By sending a whole stream of probes, you get more data, and also redundancy. Any encounter with interstellar dust would be fatal for a thin, flimsy disc traveling at cosmic speeds. A few hundred probes would probably be enough to guarantee that one slipped through—although it’s not a certainty.

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Earlier today, I posted a piece about Russian entrepreneur Yuri Milner, who’s bankrolling an attempt at an unpeopled reconnaissance mission to Alpha Centauri. A techno-optimist the way most high flyers in Silicon Valley are, Milner believes our increasing connectedness, including the Internet of Things, will bring about a more prosperous world–even a “global brain,” which will unite us all and serve as a “global central nervous system.” That new wealth may be distributed very unevenly, but the wholesale connectivity will likely arrive sooner than later. It will be both boon and bane.

From a Reuters report Chrystia Freeland filed in 2001, just twelve days after the 9/11 attacks:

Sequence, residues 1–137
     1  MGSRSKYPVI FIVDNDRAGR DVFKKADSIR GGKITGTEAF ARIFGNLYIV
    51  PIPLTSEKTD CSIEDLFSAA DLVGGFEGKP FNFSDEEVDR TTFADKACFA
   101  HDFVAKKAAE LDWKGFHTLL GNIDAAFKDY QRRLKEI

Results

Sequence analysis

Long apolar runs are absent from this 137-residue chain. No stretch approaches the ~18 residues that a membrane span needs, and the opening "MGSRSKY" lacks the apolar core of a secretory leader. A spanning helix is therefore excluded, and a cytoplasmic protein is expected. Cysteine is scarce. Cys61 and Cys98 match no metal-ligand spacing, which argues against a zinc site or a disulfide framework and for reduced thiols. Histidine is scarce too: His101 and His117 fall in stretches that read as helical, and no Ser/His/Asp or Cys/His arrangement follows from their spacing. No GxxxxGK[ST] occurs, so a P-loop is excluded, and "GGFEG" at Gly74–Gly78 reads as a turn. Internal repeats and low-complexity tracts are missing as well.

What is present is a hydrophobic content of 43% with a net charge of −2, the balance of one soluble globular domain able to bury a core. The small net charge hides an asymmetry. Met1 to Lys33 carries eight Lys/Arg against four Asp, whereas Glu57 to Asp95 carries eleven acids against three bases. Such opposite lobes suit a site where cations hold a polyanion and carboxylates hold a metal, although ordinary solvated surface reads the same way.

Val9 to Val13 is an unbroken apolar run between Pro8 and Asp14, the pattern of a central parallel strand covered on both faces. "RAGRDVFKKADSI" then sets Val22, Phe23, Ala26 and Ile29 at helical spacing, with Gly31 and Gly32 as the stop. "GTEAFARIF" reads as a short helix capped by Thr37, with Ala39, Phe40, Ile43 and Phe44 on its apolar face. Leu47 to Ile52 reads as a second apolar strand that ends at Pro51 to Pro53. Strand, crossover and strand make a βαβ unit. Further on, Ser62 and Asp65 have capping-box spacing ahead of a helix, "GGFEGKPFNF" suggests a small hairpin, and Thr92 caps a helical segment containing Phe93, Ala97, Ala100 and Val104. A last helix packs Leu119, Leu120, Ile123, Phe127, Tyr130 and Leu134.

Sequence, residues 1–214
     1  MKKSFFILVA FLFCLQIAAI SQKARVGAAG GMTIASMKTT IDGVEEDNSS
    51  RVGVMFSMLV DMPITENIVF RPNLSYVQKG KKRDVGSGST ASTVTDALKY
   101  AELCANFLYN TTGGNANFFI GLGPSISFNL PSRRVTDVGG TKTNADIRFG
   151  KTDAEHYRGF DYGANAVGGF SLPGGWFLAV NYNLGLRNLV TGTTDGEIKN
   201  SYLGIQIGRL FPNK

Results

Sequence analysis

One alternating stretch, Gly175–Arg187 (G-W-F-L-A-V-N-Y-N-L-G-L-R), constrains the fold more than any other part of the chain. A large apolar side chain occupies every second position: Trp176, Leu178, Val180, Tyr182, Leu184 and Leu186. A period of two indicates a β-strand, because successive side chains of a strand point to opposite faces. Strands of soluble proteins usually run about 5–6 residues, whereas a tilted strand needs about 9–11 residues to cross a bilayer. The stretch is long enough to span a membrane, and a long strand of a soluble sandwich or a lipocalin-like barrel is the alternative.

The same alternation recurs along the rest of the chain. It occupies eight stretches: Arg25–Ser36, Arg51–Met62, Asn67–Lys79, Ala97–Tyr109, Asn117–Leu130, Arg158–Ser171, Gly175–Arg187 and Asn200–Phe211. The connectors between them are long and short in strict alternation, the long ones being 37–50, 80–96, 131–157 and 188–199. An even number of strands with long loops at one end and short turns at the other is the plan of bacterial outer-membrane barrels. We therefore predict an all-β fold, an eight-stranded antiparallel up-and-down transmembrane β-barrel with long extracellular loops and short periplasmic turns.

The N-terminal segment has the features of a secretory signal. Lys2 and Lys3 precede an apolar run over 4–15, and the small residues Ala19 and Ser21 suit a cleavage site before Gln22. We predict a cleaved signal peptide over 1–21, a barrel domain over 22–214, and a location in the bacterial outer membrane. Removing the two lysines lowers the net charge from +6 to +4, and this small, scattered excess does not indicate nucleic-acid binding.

Milner almost perfectly represents a global technology elite whose frame of reference is planet Earth. He mostly lives in Moscow, but has recently purchased a palatial home in Silicon Valley. He addressed the Ukrainian conference by video link from Singapore.

From that vantage point, the most pressing issue in the world today isn’t recession and political paralysis in the West, or even the rapid development and political transformation in emerging markets, it is the technology revolution, which, in Mr. Milner’s view, is only getting started. Here are the changes he thinks are most significant:

• The Internet revolution is the fastest economic change humans have experienced, and it is accelerating. Mr. Milner said two billion people are online today. Over the next decade, he predicts that that number will more than double.

• The Internet is not just about connecting people, it is also about connecting machines, a phenomenon Mr. Milner dubbed “the Internet of things.” Mr. Milner said that five billion devices are connected today. By 2020, he thinks more than 20 billion will be.